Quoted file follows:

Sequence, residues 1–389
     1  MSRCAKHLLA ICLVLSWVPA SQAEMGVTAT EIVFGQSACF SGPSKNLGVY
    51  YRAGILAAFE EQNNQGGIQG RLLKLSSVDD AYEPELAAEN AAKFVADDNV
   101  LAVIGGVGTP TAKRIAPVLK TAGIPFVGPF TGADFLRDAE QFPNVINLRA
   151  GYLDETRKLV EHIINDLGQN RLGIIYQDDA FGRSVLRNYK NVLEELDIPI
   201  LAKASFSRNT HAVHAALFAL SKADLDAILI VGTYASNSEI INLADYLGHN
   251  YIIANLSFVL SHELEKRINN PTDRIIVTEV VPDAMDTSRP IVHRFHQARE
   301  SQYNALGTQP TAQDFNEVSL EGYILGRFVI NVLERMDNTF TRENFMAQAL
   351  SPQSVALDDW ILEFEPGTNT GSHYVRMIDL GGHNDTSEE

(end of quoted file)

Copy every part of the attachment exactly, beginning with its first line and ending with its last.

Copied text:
Sequence, residues 1–389
     1  MSRCAKHLLA ICLVLSWVPA SQAEMGVTAT EIVFGQSACF SGPSKNLGVY
    51  YRAGILAAFE EQNNQGGIQG RLLKLSSVDD AYEPELAAEN AAKFVADDNV
   101  LAVIGGVGTP TAKRIAPVLK TAGIPFVGPF TGADFLRDAE QFPNVINLRA
   151  GYLDETRKLV EHIINDLGQN RLGIIYQDDA FGRSVLRNYK NVLEELDIPI
   201  LAKASFSRNT HAVHAALFAL SKADLDAILI VGTYASNSEI INLADYLGHN
   251  YIIANLSFVL SHELEKRINN PTDRIIVTEV VPDAMDTSRP IVHRFHQARE
   301  SQYNALGTQP TAQDFNEVSL EGYILGRFVI NVLERMDNTF TRENFMAQAL
   351  SPQSVALDDW ILEFEPGTNT GSHYVRMIDL GGHNDTSEE